Freedom and Discipline

By Kerry Pratchett – Rewarewa Head Teacher

The concepts of freedom and discipline, while on the surface quite different, are in fact very intertwined according to Montessori philosophy. Dr Montessori states that freedom and discipline are like two sides of the same coin, as we cannot have one without the other.   As an explanatory note: when Dr Montessori refers to ‘discipline’, she is actually referring to ‘self-discipline’.

If we work backwards from the goal of having self-discipline, we can ask: What does a child needs to develop this quality?

Montessori believes a child needs to be able to work actively and independently within his environment as a foundation for developing self-discipline.

Montessori refers to ‘active’ discipline, an idea which is very closely linked with independence.  Dr Montessori firmly believed that children learn through movement and doing an activity themselves, so that if the child is unable to do something for himself, then his learning and development may not be as embedded as it would have been if he was able to learn through movement and experience.

Often I find that I have to remind myself to ‘never do for the child that which they can do’, as a child’s development can be hindered if an adult helps unnecessarily.  This is because the child needs to make mistakes in order to learn.  Dr Montessori discusses schools where the desks are fixed into place and if a child bumps into them, they do not move. “…([S]ilence and immobility of this type actually keep a child from learning how to move about with ease and grace.”  (Montessori, The Discovery of the Child, p.48).  If the environment is conducive, then optimal development can occur.  This is why we have breakable objects in a Montessori class and the children move around freely; the environment self corrects the child.  The child becomes independent and in turn satisfies their inner directives.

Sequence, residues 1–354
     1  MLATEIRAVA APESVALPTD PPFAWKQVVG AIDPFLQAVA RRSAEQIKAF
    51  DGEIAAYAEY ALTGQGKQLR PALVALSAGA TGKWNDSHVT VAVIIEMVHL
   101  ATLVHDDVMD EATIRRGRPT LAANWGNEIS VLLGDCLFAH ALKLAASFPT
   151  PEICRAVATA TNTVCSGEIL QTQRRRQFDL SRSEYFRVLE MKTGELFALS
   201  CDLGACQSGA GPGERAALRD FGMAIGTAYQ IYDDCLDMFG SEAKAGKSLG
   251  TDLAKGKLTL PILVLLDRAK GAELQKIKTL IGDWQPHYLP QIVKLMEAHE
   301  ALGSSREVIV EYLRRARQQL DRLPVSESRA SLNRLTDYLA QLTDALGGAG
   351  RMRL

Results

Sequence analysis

How then do we enable a child to move about actively and to be independent? It is by allowing the child to have freedom.

There are two types of freedom.  The first is complete freedom where the child is able to do as he/she likes.  The second type is the freedom that Dr Montessori referred to as ‘the development of the child’s inner directives’ – the freedom that each child requires in each stage of development.  The child needs to make choices to assist with being independent and the educator’s role is to assist the child in making the right choices.

This freedom does not stretch to enabling a child to do as he/she likes.  Through careful observation, the teacher will offer the child as much freedom as he/she can manage and help the child to make the right decisions.  “A child’s liberty should have as its limit in the interest of the group to which he belongs” (Montessori, Discovery of the Child, p.49/50).

How do you support your child on their journey towards self-discipline?